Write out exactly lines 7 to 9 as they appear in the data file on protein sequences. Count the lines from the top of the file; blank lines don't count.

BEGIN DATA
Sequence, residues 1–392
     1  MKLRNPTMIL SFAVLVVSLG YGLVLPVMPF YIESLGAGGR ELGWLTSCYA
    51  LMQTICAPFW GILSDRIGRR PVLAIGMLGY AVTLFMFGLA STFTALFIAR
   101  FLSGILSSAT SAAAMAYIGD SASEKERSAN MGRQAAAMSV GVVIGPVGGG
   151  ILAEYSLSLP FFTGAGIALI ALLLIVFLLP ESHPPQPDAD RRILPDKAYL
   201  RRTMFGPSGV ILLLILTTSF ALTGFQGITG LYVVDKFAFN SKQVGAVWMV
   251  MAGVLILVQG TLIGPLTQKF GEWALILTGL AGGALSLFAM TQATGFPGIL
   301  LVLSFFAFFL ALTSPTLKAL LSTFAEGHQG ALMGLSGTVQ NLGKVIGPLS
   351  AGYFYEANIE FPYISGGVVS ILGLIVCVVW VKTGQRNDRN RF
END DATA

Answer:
   251  MAGVLILVQG TLIGPLTQKF GEWALILTGL AGGALSLFAM TQATGFPGIL
   301  LVLSFFAFFL ALTSPTLKAL LSTFAEGHQG ALMGLSGTVQ NLGKVIGPLS
   351  AGYFYEANIE FPYISGGVVS ILGLIVCVVW VKTGQRNDRN RF